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Collaborative quality improvement projects work, expert maintains


 

EXPERT ANALYSIS AT THE ACS NSQIP NATIONAL CONFERENCE

SAN DIEGO – In the opinion of Dr. Wayne J. English, it doesn’t take much for collaborative quality improvement projects to demonstrate a return on investment.

At the national conference of the American College of Surgeons National Surgical Quality Improvement Program (ACS NSQIP), he discussed his experience as a member of the Michigan Bariatric Surgery Collaborative (MBSC), a clinical outcomes registry and quality improvement program funded by Blue Cross Blue Shield of Michigan (BCBS) "Hospitals across the state are collecting, sharing, and analyzing data, then designing and implementing changes to improve patient care, and it’s working," said Dr. English, medical director of bariatric surgery at the Bariatric and Metabolic Institute at Marquette (Mich.) General Hospital.

Dr. Wayne J. English

In 1997, a group of five hospitals in Michigan joined with Blue Cross Blue Shield of Michigan Foundation and Blue Care Network to collaborate on the study of variation in angiography procedures and treatment. Recommendations from the group’s analysis "contributed to dramatic decreases in coronary emergency bypass surgeries and other complications," Dr. English said. "The initiative also saved an estimated $102 million in statewide health costs over 3 years." Since then, 11 more initiatives have [been] launched to address many of the most common and costly areas of surgical and medical care in Michigan. These included cardiac imaging, vascular intervention, cardiothoracic surgery, trauma, general surgery, breast cancer, surgical outcomes, hospital medicine, knee/hip replacement, radiation oncology, and bariatric surgery.

Speaking in the context of his experience with the MBSC, Dr. English said that much of the success comes from the three-part approach to each initiative. First, funding from BCBS "enables hospitals to work in collaborative environment," he said. "BCBS provides resources for data collection and analysis along with administrative oversight."

Second, a separate coordinating center serves as a data warehouse, conducts data audits, performs data analyses, and generates comparative performance reports.

Third, participating hospitals "work together by sharing data and best practices to improve patient care throughout the state of Michigan," he said.

The MBSC collects data on perioperative care and outcomes, late outcomes, structure and process of care, technical quality, subjective aspects of quality, and cost. "There are site visits that occur on a regular basis," he said. "There are usually two surgeons and two nurses that go along on a site visit. We share ideas during those visits; these are collegial events."

The primary focus is the registry data. "We look at variation in practice and determine best evidence. We meet three times a year to analyze risk- and reliability-adjusted data, develop quality improvement projects and, ultimately, best practices," Dr. English said. Currently, the collaborative comprises 39 sites, 76 surgeons, and data on more than 40,000 patients. Approximately 6,500 patients are added into the database each year.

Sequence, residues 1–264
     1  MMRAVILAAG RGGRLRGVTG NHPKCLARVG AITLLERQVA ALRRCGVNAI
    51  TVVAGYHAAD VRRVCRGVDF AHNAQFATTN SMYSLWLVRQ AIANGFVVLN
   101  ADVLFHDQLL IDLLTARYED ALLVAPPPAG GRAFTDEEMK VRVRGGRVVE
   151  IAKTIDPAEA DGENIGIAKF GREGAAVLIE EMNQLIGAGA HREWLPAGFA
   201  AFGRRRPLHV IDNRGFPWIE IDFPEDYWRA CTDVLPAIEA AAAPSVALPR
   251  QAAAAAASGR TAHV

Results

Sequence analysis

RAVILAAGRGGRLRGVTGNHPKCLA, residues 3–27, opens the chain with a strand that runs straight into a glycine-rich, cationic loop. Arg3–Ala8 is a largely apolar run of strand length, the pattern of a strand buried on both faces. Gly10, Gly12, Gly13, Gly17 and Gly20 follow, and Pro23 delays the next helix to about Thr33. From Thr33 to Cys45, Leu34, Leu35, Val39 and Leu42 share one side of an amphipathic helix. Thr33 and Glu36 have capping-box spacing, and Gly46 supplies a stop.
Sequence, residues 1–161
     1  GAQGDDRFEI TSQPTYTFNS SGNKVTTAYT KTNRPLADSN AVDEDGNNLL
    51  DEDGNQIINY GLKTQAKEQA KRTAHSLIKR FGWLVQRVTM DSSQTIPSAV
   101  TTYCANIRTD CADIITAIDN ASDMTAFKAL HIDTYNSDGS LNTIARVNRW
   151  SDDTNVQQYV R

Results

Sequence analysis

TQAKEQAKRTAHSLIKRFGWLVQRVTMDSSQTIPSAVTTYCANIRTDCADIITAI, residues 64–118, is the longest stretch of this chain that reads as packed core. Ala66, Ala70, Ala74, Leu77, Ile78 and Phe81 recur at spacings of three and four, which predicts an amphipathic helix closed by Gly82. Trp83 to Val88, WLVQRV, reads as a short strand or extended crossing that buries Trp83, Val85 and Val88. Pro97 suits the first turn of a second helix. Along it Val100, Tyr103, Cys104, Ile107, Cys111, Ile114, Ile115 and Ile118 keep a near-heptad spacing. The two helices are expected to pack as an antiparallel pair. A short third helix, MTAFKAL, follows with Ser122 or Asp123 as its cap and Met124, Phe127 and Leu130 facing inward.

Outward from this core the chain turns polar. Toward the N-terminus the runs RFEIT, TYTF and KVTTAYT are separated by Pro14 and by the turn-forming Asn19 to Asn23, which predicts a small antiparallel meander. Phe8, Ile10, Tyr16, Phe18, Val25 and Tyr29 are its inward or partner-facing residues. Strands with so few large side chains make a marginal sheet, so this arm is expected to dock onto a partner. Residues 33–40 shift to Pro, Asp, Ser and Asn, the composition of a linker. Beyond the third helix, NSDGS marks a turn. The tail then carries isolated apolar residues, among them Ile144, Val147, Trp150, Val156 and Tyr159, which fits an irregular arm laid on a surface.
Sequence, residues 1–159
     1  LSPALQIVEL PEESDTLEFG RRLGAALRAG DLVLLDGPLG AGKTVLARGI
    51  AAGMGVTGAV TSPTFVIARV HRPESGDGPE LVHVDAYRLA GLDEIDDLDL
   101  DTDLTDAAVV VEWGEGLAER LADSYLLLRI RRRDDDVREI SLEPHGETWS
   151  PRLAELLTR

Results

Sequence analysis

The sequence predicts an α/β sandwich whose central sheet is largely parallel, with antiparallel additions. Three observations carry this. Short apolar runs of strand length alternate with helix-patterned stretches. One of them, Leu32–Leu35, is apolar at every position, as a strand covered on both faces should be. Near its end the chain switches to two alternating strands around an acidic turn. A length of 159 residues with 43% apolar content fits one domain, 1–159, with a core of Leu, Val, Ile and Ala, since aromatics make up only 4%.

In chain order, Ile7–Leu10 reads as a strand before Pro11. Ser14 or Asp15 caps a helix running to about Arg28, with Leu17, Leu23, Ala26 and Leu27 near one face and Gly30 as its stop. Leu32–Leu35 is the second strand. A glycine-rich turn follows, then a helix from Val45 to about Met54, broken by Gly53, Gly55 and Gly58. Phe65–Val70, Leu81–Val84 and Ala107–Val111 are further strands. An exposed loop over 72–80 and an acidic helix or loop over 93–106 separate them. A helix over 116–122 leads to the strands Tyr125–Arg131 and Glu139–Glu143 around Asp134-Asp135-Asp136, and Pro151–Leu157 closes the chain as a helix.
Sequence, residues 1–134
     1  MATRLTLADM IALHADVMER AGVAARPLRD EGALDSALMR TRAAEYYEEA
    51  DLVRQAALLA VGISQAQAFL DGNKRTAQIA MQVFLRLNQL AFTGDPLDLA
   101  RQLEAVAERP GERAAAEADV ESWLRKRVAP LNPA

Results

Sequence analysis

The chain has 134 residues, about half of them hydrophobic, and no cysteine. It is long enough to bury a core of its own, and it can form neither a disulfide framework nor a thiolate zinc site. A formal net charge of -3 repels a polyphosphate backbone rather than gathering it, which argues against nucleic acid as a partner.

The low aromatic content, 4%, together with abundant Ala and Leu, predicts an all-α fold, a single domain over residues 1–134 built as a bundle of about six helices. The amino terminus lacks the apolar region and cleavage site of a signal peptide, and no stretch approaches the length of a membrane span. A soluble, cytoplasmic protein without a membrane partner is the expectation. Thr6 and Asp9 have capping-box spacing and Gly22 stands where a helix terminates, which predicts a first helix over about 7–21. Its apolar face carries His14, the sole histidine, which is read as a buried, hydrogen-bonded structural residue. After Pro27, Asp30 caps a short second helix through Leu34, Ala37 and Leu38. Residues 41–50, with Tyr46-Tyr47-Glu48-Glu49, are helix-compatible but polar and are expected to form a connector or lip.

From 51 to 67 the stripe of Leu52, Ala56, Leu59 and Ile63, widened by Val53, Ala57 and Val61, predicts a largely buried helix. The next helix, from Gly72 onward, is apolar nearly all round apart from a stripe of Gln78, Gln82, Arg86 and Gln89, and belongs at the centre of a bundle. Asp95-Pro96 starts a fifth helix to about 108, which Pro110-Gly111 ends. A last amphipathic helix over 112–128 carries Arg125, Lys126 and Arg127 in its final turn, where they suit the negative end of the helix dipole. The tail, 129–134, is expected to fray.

Notable outcomes from MBSC projects to date, he said, include a 24% decrease in complication rates from 2007 to 2009, a 35% decrease in readmission rates decreased from 2007 to 2009, and a 35% decreased in ED visits from 2007 to 2010. "The decline in ED visits alone resulted in overall savings for BCBS of Michigan of $4.7 million and an overall savings for statewide plans of $14.6 million," Dr. English said.

One of the first initiatives launched by the MBSC involved a quality improvement effort to reduce the rate of pulmonary embolism, which accounts for almost half of all deaths after bariatric surgery. Standard approaches to prophylaxis include early ambulation, compression stockings/devices, and anticoagulation.

"When we surveyed surgeons in the state of Michigan, we found that there was tremendous variation in how medical chemoprophylaxis was implemented," Dr. English noted. "Many surgeons were using low-molecular-weight heparin and/or unfractionated heparin to varying degrees preoperatively, postoperatively and post discharge, while some used none at all. So the collaborative data determined statistically significant patient risk factors and developed a VTE risk calculator to stratify the baseline risk for VTE. Once surgeons started participating and utilizing risk-stratified treatment guidelines, we started to see a downward trend on the rates of thromboembolic events."

A parallel initiative evaluated the impact of placing inferior vena cava (IVC) filters during bariatric surgery. The value of IVC filters as a prophylaxis in bariatric surgery patients "is unclear, but their use has been growing rapidly since the availability of removable filters," Dr. English said. "According to data from the collaborative, there was wide variability in utilization from never to almost 40% of patients receiving IVC filters."

After analyzing outcomes data from the MBSC, it was discovered that complication rates were significantly higher in patients who had IVC filters placed during bariatric surgery, compared with those who did not. "In fact, over half of deaths and permanent disability were directly attributable to the filter itself," he said. "Once provided with the initial data feedback, many surgeons started decreasing the use of IVC filters during bariatric surgery. Now, fewer than 2% use them."

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